As you can see in this sequence, Spaces hosts will now be able to easily add co-hosts from the ‘Guests’ tab at the bottom of the Spaces screen. Within that tab, you’ll see a new ‘Invite co-hosts’ option highlighted in blue, which, when tapped, will enable you to search through those attending your Space and add that user as a partner host.
You’ll be able to add a maximum of two co-hosts to each Space, which will give them the capacity to invite speakers, manage requests within the Space and pin Tweets. Co-hosts will also be able to remove guests – so really, it’s a perfect supplementary admin tool, and if you’re going to host a massive Space, with a heap of attendees, then having two additional hands to moderate and direct the discussion could be a major help in the process.
It could be especially handy for brands looking to run Spaces, with more capacity to manage the discussion, fend off spammers, and keep things civil in the chat. Even the basic ability to pin tweets could be big in this regard, enabling your co-host to add contextual elements into the discussion in order to better illustrate key points, without the speaker having to be distracted from the presentation task.
As noted, Twitter first announced that co-hosts for Spaces were coming back in March, in response to user requests. It’s taken a couple of months to develop, but even that is significantly faster than Twitter’s traditional dev cycle, or at least what it has been in times past. And with the platform now looking to press its advantage over Clubhouse on this front, it makes sense for Twitter to iterate quickly, and ensure that it’s meeting user demand to help maximize Spaces usage (note: Clubhouse also has a co-moderator feature which is essentially the same in practice).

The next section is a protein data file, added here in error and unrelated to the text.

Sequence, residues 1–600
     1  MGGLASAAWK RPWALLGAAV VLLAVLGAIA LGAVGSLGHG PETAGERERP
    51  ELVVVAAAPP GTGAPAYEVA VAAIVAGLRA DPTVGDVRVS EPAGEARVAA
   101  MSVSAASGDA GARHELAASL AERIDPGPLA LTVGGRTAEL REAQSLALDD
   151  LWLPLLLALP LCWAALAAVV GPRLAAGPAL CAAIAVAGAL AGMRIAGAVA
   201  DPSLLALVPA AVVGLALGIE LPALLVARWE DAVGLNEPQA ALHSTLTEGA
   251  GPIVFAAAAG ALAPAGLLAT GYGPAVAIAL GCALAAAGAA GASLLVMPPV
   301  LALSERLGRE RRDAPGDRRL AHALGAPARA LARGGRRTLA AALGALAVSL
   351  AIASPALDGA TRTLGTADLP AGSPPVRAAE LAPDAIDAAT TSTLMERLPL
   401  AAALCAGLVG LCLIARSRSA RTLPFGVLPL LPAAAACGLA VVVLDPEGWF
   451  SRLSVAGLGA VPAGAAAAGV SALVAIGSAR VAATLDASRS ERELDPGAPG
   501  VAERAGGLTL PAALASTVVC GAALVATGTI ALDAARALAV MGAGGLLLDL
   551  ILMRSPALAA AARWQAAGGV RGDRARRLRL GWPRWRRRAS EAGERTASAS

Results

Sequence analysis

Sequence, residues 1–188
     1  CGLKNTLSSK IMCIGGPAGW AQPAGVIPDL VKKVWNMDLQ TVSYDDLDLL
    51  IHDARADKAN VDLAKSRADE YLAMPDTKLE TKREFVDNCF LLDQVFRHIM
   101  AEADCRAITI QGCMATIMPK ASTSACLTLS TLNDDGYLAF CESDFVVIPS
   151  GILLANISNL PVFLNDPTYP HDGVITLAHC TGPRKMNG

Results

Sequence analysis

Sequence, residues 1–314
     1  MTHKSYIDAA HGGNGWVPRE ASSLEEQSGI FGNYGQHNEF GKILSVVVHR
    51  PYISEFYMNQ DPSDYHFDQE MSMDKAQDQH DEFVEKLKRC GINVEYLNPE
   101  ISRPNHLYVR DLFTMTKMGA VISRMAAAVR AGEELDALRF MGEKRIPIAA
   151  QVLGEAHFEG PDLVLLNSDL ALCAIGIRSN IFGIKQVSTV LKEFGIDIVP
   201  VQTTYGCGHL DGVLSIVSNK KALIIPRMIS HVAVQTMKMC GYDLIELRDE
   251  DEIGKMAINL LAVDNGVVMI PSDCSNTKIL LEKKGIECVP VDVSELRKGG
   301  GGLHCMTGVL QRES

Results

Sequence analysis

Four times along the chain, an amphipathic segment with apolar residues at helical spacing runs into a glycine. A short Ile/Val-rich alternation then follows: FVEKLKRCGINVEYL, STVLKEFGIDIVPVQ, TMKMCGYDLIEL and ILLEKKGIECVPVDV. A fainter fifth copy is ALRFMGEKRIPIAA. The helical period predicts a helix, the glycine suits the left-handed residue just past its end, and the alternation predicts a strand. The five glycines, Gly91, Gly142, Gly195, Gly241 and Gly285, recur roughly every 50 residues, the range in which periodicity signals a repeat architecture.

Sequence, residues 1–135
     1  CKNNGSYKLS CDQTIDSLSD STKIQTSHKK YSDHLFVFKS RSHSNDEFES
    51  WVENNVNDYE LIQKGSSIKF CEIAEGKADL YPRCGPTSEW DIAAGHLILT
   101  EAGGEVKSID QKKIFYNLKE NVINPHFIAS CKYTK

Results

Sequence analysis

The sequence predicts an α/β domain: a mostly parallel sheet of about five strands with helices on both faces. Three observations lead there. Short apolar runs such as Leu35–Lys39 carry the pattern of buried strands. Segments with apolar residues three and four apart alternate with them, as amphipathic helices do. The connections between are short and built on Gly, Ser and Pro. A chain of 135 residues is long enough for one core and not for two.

Clubhouse growth had slowed significantly over the last few months, though it is now seeing an uptick following the launch of its Android app and the removal of its invite-only restriction. Earlier in the week, Clubhouse reported that it’s now facilitating 600,000 rooms per day in the app, up from 300,000 back in May, which underlines the enduring interest in audio engagement.
Which Twitter will now be looking to double-down on.
With the removal of Fleets earlier this week, that opens the door for further promotion of Spaces, with the top of feed Fleets ‘line’ to soon become the ‘Space bar‘ instead (Twitter’s description, not mine), which will highlight in-progress Spaces in real-time.
Twitter will then follow that up with its dedicated Spaces tab, as it looks to maximize the potential of the option.
There’s no official roll-out plan for this as yet, but clearly, Twitter is looking to make Spaces a key focus, and every addition and development will help to boost Spaces usage, and amplify the function’s presence and reach.
Which will make it that little bit harder for Clubhouse to maintain its growth, and it’ll be interesting to see just how significant the audio social trend will be over time, especially as the vaccine push continues and more regions are able to open back-up and return to in-person engagement.